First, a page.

This Week in Immigration Reform — Week Ending January 29


Week Ending January 29

This week in immigration: New poll shows support for administrative relief; our colleagues at America’s Voice provide a primer on judicial standing; and NCLR Affiliate TODEC reflects on passage of AB 60 in California.

Reuters polls shows support president’s administrative relief measures: A new poll released this week by Reuters and Ipsos finds yet again that a majority of Americans support the actions taken by President Obama to provide administrative relief. 61 percent of Americans support the plan to provide a reprieve from deportation for some of the 11.3 undocumented immigrants currently in the country, including 42 percent of Republicans and 78 percent of Democrats. This poll comes on the heels of last week’s announcement that the Supreme Court will hear the case surrounding President Obama’s executive action on immigration, which would provide relief for an estimated 4 million undocumented immigrants.

Editorials questions validity of administrative relief lawsuit: With oral arguments expected in the spring in the United States v. Texas case, numerous media outlets have voiced support for President Obama’s administrative relief plans. America’s Voice provided an analysis of the state of Texas’s legal standing to sue the United States over the President’s executive action. The analysis argues that the legal standing is questionable at best, given the Supreme Court’s precedent of allowing the President broad authority when it comes to immigration enforcement.

Additionally, an op-ed in the New York Times calls the claims made by the 26 states taking part in the lawsuit “groundless” and says states should never have been allowed to sue in the first place. “Texas claims that it has that right [to sue] simply because it thinks the president’s orders would harm its economy,” writes the Times. “If the court were to accept this kind of claim, it would mean that any time a state or city opposed a federal action, it could drag that political dispute into the courts.”

NCLR Affiliate, TODEC, on the implementation of California law AB 60: California celebrated the one-year anniversary of the passage of AB 60 in California, which authorizes driver licenses for undocumented immigrants. In a blog post, Luz Gallegos, Community Programs Director for the Training Occupational Development Educating Communities Legal Center (TODEC), reflected on the fight to pass the measure, saying, “Once AB 60 passed, one of the sheriffs in an area we serve said that his department wouldn’t respect the law, but through building relationships and sitting down and discussing our constituents’ side, he finally agreed that he would uphold the law and allow his officers to do so as well.” Founded 31 years ago, TODEC is an NCLR Affiliate that advocates for immigrants’ rights in California’s Inland Empire.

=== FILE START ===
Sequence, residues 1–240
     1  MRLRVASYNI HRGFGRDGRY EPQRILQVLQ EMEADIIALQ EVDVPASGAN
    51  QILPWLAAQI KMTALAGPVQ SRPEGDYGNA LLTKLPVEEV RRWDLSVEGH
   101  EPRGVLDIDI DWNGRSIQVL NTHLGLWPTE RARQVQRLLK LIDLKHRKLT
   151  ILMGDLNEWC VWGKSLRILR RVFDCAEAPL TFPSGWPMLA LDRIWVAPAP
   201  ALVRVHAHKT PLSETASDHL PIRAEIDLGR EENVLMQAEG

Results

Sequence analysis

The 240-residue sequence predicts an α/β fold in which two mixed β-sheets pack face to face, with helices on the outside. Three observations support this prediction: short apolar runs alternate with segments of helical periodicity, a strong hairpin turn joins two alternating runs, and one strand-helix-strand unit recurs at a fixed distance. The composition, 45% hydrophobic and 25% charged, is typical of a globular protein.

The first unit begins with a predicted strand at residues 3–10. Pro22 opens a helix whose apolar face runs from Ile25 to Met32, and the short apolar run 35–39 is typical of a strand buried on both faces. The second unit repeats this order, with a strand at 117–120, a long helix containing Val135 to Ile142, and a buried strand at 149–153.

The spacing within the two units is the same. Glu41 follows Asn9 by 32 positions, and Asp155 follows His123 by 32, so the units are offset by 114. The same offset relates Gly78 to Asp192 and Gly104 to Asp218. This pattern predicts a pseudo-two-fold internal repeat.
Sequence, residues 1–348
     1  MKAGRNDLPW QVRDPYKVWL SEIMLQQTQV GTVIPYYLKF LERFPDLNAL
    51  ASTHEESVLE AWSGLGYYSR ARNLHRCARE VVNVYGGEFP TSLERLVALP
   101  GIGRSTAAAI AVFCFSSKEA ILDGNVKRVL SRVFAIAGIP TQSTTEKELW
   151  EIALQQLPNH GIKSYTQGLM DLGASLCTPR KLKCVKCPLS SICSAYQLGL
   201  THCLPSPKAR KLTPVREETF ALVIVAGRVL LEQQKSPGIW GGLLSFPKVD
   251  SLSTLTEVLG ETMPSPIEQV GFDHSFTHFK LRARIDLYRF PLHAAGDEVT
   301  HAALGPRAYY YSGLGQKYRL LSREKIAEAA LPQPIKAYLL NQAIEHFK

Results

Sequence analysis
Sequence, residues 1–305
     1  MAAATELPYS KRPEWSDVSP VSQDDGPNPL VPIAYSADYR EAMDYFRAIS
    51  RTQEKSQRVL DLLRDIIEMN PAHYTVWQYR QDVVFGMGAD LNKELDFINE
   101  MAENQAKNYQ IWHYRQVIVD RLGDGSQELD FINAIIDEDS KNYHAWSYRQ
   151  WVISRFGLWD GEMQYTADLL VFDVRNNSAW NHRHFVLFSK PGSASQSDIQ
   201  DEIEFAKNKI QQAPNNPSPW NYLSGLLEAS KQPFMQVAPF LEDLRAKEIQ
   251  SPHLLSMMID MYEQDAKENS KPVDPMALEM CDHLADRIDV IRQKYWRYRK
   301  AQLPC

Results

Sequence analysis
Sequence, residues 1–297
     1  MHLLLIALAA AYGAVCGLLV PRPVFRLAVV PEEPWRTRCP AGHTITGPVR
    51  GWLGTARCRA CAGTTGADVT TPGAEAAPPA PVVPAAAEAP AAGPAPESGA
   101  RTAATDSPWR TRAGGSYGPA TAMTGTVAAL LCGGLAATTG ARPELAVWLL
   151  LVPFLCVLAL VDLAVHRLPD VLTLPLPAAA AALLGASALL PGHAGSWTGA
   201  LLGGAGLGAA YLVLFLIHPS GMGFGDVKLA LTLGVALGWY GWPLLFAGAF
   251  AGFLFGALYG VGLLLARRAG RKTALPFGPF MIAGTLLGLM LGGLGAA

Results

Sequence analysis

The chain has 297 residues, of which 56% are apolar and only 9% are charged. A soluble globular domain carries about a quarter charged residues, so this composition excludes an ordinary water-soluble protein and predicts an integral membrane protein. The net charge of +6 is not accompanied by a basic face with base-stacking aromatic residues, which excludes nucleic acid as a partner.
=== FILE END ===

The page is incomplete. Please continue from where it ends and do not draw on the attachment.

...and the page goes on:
And Justice For All: Building Relationships for Immigrant Communities

Luz Gallegos, Community Programs Director for TODEC

Luz Gallegos, Community Programs Director for TODEC Legal Center

By Danny Turkel, Digital Coordinator, NCLR

Founded 31 years ago, the Training Occupational Development Educating Communities Legal Center (TODEC) has been an advocate for immigrants’ rights in California’s Inland Empire. The organization was instrumental in advocating and lobbying for the successful passage of AB 60, a 2013 California law authorizing driver licenses for undocumented immigrants. While some decried the law, thousands of people already driving in California were able to take state mandated driving tests and become officially certified to drive in the state. Public safety aside, the law provided more than just a state-issued license. For the first time, many undocumented immigrants were able to take their children to school without fear of tickets, arrest, confiscation of their vehicles, or even deportation.

Luz Gallegos, Community Programs Director for TODEC, described the fight to make sure all Californians can live their lives productively and effectively.

“We just celebrated the one-year anniversary of the passage of AB 60, which is
the California driver license law for undocumented immigrants. There were situations where the police would be outside the schools in the mornings and afternoons, giving tickets, and once they found out a parent didn’t have a driver’s license, they would take their vehicle away,” said Gallegos. “The parents felt that they were being targeted. A high percentage of families living in the area were undocumented.”TODEC logo

The confiscation of the family car had a detrimental impact: children weren’t able to get to school, nor parents to work.